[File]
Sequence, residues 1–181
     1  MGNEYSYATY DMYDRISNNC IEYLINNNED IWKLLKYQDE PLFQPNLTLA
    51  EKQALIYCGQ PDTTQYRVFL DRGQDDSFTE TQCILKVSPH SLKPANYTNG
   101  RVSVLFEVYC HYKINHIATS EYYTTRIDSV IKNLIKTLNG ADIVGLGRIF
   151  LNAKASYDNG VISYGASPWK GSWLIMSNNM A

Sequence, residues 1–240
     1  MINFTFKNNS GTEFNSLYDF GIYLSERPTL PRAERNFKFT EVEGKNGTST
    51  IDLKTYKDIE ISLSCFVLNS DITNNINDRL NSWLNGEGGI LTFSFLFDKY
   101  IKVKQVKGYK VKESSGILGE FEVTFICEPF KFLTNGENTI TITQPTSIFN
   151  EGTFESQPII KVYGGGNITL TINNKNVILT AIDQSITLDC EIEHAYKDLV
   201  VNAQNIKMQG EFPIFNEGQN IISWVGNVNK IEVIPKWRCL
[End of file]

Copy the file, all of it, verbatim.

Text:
Sequence, residues 1–181
     1  MGNEYSYATY DMYDRISNNC IEYLINNNED IWKLLKYQDE PLFQPNLTLA
    51  EKQALIYCGQ PDTTQYRVFL DRGQDDSFTE TQCILKVSPH SLKPANYTNG
   101  RVSVLFEVYC HYKINHIATS EYYTTRIDSV IKNLIKTLNG ADIVGLGRIF
   151  LNAKASYDNG VISYGASPWK GSWLIMSNNM A

Sequence, residues 1–240
     1  MINFTFKNNS GTEFNSLYDF GIYLSERPTL PRAERNFKFT EVEGKNGTST
    51  IDLKTYKDIE ISLSCFVLNS DITNNINDRL NSWLNGEGGI LTFSFLFDKY
   101  IKVKQVKGYK VKESSGILGE FEVTFICEPF KFLTNGENTI TITQPTSIFN
   151  EGTFESQPII KVYGGGNITL TINNKNVILT AIDQSITLDC EIEHAYKDLV
   201  VNAQNIKMQG EFPIFNEGQN IISWVGNVNK IEVIPKWRCL